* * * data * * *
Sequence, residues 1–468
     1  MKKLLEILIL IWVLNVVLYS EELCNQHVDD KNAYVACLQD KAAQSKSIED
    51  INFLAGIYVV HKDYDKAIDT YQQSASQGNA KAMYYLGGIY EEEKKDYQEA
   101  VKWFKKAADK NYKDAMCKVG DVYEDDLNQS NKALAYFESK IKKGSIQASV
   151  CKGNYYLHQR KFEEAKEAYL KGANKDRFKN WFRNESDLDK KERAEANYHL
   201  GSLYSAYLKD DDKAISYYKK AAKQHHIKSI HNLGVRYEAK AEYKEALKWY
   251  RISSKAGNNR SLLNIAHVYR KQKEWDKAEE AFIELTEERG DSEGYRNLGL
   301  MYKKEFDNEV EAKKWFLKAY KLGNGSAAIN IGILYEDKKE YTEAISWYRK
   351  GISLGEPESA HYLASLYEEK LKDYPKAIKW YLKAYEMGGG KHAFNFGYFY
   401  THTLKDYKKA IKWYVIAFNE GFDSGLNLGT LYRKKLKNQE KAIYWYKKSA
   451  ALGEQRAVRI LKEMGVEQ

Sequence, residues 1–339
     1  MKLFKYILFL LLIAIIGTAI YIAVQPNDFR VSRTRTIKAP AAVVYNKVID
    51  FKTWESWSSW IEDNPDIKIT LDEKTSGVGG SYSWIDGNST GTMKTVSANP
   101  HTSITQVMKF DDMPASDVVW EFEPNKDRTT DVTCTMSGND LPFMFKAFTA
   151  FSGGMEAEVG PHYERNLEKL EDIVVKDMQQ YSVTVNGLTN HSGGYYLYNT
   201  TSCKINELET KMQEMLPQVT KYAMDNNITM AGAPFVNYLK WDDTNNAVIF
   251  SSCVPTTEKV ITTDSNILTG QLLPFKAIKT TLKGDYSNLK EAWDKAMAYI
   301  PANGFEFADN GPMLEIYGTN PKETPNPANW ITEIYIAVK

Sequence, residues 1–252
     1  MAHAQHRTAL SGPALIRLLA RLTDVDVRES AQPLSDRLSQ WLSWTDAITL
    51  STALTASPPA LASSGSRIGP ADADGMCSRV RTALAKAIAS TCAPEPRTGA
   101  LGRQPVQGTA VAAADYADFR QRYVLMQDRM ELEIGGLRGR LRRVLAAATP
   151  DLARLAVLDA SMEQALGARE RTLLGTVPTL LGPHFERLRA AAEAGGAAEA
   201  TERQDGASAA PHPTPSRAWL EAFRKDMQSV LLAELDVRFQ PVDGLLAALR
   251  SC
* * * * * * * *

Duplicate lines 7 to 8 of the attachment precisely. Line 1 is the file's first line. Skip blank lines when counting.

   251  RISSKAGNNR SLLNIAHVYR KQKEWDKAEE AFIELTEERG DSEGYRNLGL
   301  MYKKEFDNEV EAKKWFLKAY KLGNGSAAIN IGILYEDKKE YTEAISWYRK